About the Lake George catchment
Lake George is in south-eastern NSW to the north of the NSW-ACT border. It adjoins the Murrumbidgee and Lachlan catchments in the west, and the Hawkesbury and Shoalhaven catchments in the east. It is a large internally draining basin that was formed when the Lake George escarpment rose 5 million years ago.
Lake George has a small catchment area of 950 square kilometres, with the lake itself occupying 16 per cent of this area. The highest parts of the catchment lie along the Great Dividing Range in the east where elevations are up to 1,100 metres. The lake bed lies at an elevation of approximately 600 metres.
Rivers and tributaries
Lake George is 25 kilometres long, 10 kilometres wide, and very shallow. The lake has no surface outflow but water is lost through evaporation and underground seepage.
This natural drainage basin is fed by 10 major tributaries that drain from the surrounding hilly country. These tributaries originally drained to the Yass River before they were cut off by the uplift of the Lake George Range.
The northern part of the catchment is drained by Collector Creek, Tarago Creek and Currawang Creek, while the southern end of the catchment is drained by Butmaroo Creek and Turallo Creek.
The catchment does not have a major water storage.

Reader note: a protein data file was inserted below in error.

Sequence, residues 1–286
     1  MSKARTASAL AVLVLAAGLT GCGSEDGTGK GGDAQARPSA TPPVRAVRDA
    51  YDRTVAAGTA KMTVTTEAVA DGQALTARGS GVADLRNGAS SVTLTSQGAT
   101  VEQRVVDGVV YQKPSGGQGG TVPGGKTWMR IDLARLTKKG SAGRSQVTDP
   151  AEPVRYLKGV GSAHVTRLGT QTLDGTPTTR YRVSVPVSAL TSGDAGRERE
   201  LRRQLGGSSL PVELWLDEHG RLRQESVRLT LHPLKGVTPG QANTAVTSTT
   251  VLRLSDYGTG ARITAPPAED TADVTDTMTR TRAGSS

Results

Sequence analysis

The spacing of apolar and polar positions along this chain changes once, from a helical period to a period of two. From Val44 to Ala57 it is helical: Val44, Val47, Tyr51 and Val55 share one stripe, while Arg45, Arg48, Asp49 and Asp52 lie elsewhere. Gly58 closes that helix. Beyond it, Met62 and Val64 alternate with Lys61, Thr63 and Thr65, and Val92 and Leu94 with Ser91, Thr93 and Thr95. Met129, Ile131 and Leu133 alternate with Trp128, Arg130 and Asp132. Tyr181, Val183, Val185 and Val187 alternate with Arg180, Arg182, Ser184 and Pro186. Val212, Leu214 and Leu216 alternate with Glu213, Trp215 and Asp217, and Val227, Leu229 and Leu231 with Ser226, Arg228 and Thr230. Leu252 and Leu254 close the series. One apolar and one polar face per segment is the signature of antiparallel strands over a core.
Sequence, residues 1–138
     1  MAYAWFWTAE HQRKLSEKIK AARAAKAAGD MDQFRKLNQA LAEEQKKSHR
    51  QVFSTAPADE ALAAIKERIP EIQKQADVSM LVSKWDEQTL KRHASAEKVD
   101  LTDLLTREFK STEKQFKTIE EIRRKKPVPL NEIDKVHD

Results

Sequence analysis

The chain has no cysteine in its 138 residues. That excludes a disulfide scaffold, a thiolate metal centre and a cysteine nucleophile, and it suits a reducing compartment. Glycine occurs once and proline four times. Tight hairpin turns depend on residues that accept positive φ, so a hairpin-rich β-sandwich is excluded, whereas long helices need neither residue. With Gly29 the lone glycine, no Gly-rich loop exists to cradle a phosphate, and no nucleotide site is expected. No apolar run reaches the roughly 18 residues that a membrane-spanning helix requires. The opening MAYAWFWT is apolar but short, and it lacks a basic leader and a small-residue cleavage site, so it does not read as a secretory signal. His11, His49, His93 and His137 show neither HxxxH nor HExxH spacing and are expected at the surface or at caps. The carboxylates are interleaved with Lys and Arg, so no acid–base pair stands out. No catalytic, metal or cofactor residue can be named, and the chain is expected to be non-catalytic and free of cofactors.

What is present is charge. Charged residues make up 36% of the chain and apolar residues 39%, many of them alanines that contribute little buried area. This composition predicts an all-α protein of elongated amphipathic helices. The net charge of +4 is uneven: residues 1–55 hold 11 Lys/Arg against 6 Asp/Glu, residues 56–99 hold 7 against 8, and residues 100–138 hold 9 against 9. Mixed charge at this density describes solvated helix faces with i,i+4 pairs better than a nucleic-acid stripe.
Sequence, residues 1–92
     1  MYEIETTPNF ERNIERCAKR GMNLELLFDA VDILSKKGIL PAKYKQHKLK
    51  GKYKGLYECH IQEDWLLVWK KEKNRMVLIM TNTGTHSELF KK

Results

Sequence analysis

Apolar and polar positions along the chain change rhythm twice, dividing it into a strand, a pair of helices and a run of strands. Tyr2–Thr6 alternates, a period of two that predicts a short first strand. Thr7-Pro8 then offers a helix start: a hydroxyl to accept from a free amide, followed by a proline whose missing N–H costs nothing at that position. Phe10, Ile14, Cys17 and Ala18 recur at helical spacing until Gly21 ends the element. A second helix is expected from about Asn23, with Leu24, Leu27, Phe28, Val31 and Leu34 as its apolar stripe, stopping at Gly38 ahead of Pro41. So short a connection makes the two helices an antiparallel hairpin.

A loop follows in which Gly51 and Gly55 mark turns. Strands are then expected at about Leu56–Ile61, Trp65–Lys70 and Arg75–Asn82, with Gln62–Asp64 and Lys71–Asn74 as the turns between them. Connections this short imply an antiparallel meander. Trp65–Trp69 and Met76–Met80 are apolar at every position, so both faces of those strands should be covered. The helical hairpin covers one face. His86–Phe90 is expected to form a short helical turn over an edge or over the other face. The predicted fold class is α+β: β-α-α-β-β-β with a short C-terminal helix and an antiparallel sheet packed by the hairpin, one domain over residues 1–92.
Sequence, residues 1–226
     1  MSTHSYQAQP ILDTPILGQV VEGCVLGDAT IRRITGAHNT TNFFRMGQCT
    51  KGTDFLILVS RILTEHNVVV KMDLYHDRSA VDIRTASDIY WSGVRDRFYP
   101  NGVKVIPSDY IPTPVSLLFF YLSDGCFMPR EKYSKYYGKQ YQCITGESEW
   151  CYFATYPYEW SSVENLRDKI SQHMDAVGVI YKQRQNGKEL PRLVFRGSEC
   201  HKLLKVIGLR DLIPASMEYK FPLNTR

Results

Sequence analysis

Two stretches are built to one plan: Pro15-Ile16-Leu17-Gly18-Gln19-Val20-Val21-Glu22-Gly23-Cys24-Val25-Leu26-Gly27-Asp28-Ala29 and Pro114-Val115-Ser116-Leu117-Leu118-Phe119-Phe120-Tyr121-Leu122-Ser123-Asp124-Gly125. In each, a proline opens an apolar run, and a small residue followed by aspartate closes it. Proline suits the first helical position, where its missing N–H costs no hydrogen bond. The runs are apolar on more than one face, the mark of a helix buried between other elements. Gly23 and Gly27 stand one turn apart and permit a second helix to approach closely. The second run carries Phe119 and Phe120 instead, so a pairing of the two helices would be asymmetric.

The town of Bungendore lies in the south of the catchment, while the village of Collector is in the north.
Catchment land use is mainly grazing, which accounts for 76 per cent of all land use. Other water uses in the catchment include tourism, grazing and wine growing industries. There is a high reliance on groundwater, mainly for stock watering.
Lake George is listed as a wetland of national significance in the Directory of Important Wetlands in Australia. When flooded it is an important habitat for waterbirds, as well as several threatened species. It is also of significant historical, cultural and scientific value.
Rowes Lagoon north-east of the catchment is an upland wetland sustained by local rainfall and groundwater. When flooded, the lagoon supports an extensive area of reeds and sedges and is a valuable waterbird habitat.
Lake George dries up during drought years and cannot provide a secure water source to local users. Being a closed basin, Lake George accumulates salt and nutrients from its catchment, making it one of the saltiest water bodies in inland NSW when flooded.